To truly understand this is to free oneself from those feelings of jealosy, inadequacy, envy, self-loathing, etc. Of course, this is an incredibly difficult thing to do. However, knowing this allows one to receive both criticism and accolades in a Christ-like manner, as well as keep a Kingdom perspective in all you do. In other words, take God seriously, but don’t take yourself seriously.
• All Criticism Must be Christ-Centered. If you’re in a group that encourages mutual criticism (and you should be), make sure that your constructive criticisms are truthful, grace-filled, and Christ-centered. Your goal—when constructive criticism is solicited from others—should always be to encourage someone toward Christ-likeness and really great art (in that order). So be truthful, but be gracious.
There is a flip side. Often times, an artist’s request for constructive criticism is actually a plea for affirmation. Many people really don’t want to know what others think of them; they simply want people to affirm what they already think of themselves. As Christians living in community with other artists, your request for criticism really must be honest in that you are willing to accept the truthful feedback of your peers. And it is worth it—iron sharpens iron.
There is also the category of unsolicited criticism. I find this often in the comment section of blogs, where people who really have little understanding of the subject or knowledge of the author, will feel free to share their often negative opinions about any given subject. The anonymity of these blogs seems to give people permission to be rude, spiteful, and verbose. In a word: Don’t.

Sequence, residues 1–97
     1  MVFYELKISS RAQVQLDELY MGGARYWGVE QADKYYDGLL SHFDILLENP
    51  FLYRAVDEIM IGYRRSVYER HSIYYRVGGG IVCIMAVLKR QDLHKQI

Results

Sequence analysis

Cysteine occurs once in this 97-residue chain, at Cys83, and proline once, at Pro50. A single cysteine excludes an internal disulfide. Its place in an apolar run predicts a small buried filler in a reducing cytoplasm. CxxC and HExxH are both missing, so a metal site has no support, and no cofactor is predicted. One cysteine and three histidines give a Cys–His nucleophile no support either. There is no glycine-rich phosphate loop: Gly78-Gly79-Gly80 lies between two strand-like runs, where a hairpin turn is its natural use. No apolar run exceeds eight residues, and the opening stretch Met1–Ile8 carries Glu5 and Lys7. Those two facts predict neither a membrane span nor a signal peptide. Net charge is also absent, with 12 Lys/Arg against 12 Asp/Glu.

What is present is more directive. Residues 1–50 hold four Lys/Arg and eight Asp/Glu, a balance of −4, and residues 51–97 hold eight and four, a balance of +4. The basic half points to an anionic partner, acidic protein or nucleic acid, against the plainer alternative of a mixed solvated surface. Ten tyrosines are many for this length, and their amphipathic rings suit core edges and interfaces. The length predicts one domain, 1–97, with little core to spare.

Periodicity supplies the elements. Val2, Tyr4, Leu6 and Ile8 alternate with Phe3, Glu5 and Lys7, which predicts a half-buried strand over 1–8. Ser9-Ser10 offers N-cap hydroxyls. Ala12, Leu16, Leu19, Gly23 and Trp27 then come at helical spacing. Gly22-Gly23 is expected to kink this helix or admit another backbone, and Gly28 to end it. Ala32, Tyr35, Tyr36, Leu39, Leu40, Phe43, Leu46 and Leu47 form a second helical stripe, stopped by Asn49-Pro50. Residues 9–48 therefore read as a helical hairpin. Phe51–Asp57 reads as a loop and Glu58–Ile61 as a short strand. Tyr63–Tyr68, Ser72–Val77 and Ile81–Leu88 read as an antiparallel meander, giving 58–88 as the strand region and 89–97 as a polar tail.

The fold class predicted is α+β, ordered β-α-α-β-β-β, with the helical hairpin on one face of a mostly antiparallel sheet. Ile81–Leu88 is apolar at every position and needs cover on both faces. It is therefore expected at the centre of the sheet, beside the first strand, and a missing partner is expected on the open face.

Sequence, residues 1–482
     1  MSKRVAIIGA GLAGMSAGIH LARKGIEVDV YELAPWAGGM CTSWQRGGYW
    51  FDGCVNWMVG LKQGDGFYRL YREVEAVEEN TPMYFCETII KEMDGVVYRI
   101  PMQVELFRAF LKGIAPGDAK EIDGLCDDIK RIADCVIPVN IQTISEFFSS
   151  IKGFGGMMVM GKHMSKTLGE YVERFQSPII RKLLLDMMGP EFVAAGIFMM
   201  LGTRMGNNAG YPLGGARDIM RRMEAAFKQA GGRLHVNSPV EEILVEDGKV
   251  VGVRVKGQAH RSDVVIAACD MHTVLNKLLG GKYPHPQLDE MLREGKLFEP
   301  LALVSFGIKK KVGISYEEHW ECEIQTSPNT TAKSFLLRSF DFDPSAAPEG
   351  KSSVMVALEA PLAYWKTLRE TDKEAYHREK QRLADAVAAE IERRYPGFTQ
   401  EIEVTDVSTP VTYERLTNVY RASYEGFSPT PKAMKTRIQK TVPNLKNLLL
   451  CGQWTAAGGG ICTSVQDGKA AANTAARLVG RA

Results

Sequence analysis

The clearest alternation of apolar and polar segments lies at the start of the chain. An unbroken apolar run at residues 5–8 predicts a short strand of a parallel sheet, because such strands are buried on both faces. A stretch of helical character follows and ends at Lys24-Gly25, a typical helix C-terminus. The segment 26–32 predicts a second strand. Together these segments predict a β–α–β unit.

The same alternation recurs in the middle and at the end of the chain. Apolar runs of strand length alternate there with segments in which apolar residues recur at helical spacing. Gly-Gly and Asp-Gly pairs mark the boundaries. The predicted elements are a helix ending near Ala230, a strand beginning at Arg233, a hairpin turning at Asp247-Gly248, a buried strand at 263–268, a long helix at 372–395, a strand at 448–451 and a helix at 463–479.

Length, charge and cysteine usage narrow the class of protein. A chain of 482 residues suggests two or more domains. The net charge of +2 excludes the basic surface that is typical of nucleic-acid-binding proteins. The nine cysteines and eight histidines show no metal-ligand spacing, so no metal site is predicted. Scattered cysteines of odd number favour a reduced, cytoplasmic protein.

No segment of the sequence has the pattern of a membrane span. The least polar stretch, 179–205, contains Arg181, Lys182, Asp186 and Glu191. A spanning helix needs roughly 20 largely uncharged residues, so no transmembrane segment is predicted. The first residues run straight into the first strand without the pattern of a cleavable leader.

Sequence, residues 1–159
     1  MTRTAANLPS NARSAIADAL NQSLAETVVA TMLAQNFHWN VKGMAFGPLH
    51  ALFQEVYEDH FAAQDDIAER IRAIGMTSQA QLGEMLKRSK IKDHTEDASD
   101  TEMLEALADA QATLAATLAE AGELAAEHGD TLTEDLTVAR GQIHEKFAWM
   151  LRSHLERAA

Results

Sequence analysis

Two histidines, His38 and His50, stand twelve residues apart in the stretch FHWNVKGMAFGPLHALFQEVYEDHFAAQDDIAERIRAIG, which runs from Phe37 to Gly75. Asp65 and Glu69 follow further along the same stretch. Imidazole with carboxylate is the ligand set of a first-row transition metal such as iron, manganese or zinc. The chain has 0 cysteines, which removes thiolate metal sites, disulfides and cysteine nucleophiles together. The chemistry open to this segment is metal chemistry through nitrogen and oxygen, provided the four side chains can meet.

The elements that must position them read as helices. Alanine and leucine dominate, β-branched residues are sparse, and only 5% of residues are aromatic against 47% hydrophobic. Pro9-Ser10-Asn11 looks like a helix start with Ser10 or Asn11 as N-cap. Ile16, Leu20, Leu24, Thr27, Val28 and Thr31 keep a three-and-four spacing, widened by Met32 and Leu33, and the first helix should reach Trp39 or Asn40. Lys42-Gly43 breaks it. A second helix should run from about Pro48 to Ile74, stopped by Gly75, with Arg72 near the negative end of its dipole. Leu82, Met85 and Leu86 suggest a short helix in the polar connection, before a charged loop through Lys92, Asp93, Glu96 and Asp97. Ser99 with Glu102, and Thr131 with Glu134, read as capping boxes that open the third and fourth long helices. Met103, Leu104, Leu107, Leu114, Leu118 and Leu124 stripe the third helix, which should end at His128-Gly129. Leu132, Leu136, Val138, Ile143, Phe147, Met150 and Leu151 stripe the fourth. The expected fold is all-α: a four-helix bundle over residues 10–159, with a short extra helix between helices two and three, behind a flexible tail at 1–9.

• Don’t Use the Group Primarily to Promote Yourself. Don’t get me wrong. It’s important to promote yourself appropriately as an artist. But don’t use your arts group primarily for this purpose. We have a tendency to hide behind our “Christianity” in our self-promotion. I am so very tired of people who post FaceBook requests for prayer when all they are really doing is advertising or thinly-veiled bragging. (For example, “Please pray for me as my band plays the main stage in front of 5000 people at Super-Duper Christian Conference tonight.”) If you really want to be truthful with your art, you need to put away the image management and the veiled self-promotion.
Here’s a good way to avoid this. Promote others.
• Remember That our Art is a Byproduct of our Spiritual Growth. As an artist, one’s primary goal should not be the affirmation of one’s work. While we all crave the affirmation and respect of our peers, our primary goal should really be spiritual growth. We need to pay close attention to how we are growing our souls through our art. Our artistry should then be the byproduct of our spiritual formation in Christ. This is an extremely important and foundational principle that all Christ-following artists should understand. I should know, it’s taken me 20 years to get it!
• Let People Into Your Life. Some artists have a tendency to be loners. They paint alone in their lofts, compose alone in their bedroom studios, write alone at their computers. But being alone is not God’s intention for us. He created us for community, to be with Him and to be with others. If you are a part of an artist group, make it a point to engage personally and fully. Collaborate on arts projects. Share coffee and ideas. Co-write songs together. Know and be known, artistically, personally, and spiritually. Be the church to one another.